96% of women survive breast cancer for at least one year, and this is predicted to fall to 87% surviving for five years or more, as shown by age-standardised net survival for patients diagnosed with breast cancer during 2010-2011 in England and Wales.
Female breast cancer survival continues to fall beyond five years after diagnosis. 78% of women are predicted to survive their disease for ten years or more, as shown by age-standardised net survival for patients diagnosed with breast cancer during 2010-2011 in England and Wales.
Survival for breast cancer is strongly related to the stage of the disease at diagnosis.
One-year net survival for breast cancer is highest for patients diagnosed at stage I, and lowest for those diagnosed at stage IV, 2014 data for England show.
- 100% of patients diagnosed at stage I survived their disease for at least one year, versus 63% of patients diagnosed at stage IV.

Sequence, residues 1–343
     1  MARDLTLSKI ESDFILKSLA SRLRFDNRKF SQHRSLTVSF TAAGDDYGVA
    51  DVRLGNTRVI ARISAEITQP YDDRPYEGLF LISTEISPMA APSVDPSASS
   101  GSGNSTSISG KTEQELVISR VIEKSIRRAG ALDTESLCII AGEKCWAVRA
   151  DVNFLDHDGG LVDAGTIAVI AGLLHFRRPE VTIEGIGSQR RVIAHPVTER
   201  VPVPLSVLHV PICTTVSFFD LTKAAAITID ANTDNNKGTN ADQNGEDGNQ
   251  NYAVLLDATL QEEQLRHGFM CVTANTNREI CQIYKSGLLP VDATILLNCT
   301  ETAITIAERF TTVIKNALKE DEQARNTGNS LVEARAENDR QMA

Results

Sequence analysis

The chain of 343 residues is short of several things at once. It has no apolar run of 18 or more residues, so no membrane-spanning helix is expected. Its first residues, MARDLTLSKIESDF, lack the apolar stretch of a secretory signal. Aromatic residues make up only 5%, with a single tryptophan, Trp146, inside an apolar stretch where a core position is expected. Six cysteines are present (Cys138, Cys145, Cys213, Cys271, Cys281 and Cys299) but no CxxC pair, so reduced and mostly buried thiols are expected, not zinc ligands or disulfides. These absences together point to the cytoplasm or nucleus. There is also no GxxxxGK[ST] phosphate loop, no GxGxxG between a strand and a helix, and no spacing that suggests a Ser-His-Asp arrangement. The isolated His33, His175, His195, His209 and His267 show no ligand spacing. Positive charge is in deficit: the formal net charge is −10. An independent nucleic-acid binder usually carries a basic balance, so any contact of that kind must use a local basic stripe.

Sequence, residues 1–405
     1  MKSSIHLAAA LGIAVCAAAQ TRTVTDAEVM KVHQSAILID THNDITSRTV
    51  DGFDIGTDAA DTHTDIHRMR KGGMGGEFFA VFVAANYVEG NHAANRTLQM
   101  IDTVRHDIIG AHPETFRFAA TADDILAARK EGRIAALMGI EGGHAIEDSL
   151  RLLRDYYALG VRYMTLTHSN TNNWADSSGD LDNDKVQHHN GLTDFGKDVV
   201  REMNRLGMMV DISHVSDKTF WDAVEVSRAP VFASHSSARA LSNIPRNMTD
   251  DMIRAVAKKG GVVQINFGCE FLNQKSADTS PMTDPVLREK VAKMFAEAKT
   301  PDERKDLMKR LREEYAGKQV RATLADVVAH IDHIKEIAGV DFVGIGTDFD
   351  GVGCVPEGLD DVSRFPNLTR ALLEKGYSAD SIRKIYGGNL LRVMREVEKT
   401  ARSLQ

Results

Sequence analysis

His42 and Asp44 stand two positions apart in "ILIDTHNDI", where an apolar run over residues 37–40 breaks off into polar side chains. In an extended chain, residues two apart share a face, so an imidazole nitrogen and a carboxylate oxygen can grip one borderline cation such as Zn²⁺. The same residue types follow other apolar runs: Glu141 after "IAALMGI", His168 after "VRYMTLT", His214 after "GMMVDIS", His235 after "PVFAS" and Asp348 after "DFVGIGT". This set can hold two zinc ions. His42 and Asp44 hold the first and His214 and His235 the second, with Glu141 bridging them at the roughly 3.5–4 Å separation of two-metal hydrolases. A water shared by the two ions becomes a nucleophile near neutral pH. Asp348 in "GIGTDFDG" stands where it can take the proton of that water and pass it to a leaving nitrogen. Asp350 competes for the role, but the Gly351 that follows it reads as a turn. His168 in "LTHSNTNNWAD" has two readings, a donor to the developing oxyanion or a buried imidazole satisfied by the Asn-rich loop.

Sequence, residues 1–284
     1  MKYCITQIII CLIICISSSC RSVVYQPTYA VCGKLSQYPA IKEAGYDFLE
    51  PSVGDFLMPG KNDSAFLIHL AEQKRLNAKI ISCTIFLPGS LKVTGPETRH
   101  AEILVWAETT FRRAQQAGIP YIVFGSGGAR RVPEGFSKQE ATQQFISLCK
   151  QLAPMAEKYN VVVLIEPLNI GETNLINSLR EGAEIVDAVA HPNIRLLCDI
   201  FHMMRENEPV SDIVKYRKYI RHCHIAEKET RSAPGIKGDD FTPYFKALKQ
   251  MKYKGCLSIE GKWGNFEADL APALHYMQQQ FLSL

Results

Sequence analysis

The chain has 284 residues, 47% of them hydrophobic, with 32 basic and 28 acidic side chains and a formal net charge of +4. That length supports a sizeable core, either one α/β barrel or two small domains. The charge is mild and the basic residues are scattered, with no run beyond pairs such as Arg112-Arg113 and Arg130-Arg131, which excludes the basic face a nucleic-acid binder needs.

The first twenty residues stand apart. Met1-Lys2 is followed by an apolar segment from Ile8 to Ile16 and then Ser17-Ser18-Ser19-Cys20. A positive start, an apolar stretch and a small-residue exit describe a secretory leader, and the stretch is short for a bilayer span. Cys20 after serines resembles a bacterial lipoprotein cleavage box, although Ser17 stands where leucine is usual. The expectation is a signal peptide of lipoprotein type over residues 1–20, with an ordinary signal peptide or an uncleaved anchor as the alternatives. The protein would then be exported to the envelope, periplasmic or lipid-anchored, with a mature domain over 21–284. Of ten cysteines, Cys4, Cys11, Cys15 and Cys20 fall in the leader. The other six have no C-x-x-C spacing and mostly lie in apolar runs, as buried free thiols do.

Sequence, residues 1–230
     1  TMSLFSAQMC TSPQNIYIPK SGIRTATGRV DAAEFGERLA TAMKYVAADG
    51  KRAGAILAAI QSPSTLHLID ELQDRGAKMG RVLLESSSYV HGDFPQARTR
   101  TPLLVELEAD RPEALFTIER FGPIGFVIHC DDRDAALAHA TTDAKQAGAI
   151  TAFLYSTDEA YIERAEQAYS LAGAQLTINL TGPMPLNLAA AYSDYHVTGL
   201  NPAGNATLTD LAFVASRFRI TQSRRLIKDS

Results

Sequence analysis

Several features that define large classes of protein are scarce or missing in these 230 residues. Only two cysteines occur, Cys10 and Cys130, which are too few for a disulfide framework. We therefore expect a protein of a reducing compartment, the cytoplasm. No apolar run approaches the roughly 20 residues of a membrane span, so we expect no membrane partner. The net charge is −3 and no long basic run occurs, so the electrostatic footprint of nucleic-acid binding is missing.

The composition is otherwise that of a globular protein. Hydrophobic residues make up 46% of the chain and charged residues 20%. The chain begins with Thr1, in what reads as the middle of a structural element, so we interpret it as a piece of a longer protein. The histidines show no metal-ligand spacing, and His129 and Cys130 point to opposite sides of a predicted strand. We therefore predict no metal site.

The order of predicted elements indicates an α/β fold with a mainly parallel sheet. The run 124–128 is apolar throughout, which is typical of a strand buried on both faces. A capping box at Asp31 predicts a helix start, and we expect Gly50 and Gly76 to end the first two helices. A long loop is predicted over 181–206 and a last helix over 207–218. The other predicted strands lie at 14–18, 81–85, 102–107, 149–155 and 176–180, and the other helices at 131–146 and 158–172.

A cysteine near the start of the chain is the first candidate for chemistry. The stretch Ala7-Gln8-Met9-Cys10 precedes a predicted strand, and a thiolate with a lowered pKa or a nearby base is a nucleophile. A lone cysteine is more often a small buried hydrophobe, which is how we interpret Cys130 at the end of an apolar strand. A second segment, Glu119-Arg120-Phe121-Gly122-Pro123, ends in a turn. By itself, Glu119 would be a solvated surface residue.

One-year net survival for unknown stage breast cancer is 85%. Lack of staging information may in some cases reflect advanced stage at diagnosis: for example very unwell patients may not undergo staging tests if the invasiveness of the testing outweighs the potential benefit of obtaining stage information
Five year survival:
- Five-year survival for female breast cancer shows a much more rapid decrease in survival between Stages I and IV. Five-year relative survival in women ranges from 99% at Stage I to 15% at Stage IV for patients diagnosed during 2002-2006 in the former Anglia Cancer Network.
Last edited 12/2018 and last reviewed 12/2018